Researchers tap into locusts’ keen sense of smell to build a proof-of-concept biorobotic tool for finding explosives.
Long synonymous with biblical plagues, the locust may have a new, much more inspiring life’s purpose—to serve as a biorobotic device for bomb sniffing and other homeland security applications.
The locust’s highly sensitive olfactory systems make it a perfect muse for modeling a proof-of-concept, “hybrid, locust-based chemical-sensing approach for explosive detection,” according to a biomedical engineering team at Washington University in St. Louis, which just received a three-year, $750,000 grant from the Office of Naval Research to pursue the cause.
Thanks to the chemical sensors lining a locust's antennas, its sense of smell is far superior than anything a human could replicate, so it only makes sense to take advantage of the biological solution and avoid reinventing the wheel, contends Baranidharan Raman, associate professor of biomedical engineering in the School of Engineering and Applied Science, who is heading up the research along with colleagues Srikanth Singamaneni, who specializes in materials science, and Shantanu Chakrabartty, a professor of computer science and engineering.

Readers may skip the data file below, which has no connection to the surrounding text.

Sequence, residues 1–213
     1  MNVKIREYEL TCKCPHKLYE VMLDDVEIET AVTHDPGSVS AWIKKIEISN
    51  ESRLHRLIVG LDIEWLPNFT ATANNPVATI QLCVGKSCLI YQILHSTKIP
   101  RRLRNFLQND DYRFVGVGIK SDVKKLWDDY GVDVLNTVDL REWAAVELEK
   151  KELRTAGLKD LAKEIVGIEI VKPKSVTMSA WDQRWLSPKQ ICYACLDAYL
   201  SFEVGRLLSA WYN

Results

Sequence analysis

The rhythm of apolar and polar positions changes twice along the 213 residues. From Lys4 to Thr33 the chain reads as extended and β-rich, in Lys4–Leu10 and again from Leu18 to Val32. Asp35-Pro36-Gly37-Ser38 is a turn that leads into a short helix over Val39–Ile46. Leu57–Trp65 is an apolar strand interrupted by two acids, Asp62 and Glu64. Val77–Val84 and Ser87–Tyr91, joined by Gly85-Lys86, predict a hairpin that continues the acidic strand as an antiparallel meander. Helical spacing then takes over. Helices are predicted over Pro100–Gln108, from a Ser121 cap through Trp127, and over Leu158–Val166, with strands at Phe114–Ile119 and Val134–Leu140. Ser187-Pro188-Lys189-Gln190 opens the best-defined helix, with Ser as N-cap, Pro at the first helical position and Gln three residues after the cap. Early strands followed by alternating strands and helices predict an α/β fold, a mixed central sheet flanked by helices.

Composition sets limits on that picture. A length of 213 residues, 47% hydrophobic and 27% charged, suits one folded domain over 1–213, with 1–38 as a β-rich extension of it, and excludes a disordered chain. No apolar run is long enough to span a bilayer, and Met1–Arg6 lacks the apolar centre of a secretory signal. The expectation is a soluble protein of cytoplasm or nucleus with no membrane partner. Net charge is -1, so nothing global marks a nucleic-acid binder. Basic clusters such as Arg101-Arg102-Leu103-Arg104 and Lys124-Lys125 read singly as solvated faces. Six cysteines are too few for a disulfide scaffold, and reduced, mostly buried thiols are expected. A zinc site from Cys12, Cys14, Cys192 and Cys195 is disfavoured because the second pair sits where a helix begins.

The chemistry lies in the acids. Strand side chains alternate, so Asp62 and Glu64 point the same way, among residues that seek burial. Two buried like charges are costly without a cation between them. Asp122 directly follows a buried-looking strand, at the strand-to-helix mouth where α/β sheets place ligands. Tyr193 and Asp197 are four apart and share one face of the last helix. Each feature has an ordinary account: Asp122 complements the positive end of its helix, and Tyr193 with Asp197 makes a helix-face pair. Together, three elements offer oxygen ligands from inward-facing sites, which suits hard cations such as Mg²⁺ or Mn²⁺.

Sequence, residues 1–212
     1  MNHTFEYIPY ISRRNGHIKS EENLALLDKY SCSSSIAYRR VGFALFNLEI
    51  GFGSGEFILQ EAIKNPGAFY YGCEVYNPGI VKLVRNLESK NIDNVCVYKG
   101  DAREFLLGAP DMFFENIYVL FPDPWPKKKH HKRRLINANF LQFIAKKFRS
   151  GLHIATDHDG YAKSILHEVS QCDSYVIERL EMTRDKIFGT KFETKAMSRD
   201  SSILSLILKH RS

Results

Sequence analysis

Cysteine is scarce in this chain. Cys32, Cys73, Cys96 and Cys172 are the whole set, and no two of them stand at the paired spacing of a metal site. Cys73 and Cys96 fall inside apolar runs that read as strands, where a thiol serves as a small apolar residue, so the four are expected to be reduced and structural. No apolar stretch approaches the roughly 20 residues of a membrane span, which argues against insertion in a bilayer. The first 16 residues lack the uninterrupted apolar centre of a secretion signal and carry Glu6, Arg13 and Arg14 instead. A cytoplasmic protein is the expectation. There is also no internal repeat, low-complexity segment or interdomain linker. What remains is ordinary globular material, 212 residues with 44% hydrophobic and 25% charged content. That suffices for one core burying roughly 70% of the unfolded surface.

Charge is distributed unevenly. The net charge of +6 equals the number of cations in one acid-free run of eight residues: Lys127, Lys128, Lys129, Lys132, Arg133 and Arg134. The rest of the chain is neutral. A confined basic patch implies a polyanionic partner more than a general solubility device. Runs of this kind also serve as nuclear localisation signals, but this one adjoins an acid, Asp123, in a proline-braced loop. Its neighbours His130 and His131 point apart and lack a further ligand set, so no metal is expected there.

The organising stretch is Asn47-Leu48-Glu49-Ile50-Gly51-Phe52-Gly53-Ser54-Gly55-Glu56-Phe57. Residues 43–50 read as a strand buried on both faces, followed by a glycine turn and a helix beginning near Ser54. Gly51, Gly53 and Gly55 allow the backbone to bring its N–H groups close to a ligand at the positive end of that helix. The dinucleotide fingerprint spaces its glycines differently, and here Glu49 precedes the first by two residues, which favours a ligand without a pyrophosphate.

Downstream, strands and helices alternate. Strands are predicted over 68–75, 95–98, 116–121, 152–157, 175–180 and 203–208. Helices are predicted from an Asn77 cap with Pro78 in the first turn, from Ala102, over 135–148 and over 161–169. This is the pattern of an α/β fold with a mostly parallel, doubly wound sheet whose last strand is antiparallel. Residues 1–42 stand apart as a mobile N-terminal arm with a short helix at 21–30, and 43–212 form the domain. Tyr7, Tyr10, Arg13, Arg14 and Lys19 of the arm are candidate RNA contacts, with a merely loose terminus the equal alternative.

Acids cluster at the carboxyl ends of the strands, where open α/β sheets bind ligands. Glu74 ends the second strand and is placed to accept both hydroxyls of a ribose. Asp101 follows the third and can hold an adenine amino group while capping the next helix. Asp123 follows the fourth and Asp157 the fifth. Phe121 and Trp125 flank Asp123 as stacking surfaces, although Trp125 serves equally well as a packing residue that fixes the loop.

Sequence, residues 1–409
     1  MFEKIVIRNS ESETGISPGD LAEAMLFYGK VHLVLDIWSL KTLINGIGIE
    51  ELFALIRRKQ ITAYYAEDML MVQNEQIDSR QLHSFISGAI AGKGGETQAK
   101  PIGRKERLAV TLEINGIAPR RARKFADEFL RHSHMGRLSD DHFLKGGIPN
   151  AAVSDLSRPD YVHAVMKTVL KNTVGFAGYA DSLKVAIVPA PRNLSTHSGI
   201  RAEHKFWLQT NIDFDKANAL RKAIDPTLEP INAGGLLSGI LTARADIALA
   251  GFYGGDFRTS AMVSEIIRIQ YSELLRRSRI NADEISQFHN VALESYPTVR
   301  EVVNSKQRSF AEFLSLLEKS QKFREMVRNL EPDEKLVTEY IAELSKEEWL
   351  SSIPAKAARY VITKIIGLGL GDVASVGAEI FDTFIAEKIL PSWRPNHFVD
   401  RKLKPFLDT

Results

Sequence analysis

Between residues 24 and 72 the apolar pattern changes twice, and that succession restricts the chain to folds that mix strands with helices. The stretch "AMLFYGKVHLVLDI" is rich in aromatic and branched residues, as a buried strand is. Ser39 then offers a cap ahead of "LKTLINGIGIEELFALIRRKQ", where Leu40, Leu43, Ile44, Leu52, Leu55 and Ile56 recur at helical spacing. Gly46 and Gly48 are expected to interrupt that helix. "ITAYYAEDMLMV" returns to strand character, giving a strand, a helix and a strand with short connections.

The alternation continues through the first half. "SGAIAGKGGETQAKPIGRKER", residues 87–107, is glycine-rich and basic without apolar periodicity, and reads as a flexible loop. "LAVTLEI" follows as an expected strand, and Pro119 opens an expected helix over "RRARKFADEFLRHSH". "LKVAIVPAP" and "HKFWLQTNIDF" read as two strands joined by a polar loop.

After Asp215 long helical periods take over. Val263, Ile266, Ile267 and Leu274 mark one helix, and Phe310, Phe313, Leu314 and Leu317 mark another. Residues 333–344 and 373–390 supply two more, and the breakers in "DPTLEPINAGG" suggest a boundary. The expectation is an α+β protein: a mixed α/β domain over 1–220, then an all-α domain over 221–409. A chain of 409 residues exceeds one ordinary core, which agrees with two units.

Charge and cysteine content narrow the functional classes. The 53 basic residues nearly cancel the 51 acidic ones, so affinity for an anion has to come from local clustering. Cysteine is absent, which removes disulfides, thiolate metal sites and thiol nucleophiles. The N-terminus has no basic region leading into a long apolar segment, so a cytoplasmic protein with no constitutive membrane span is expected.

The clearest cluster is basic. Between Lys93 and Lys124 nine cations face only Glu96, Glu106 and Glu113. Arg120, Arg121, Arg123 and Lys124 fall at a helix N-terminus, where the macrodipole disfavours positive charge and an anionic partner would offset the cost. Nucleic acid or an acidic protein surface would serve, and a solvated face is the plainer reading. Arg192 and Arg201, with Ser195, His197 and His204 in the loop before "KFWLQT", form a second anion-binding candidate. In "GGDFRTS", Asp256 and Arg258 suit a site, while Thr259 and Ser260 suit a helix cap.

The plan is to implant sensors in locusts’ brains to record and decode neural activity and hook the insect brigade up with tiny “backpacks” used for transmitting signals to an LED. The LED will indicate the presence of explosive materials through the usual "red light, no, green light, yes" paradigm. Some seriously advanced tattoos that convert light to heat will play a role guiding the insects to areas where bombs are a possibility.
A prototype of the bomb-sniffing locust should be out in a year.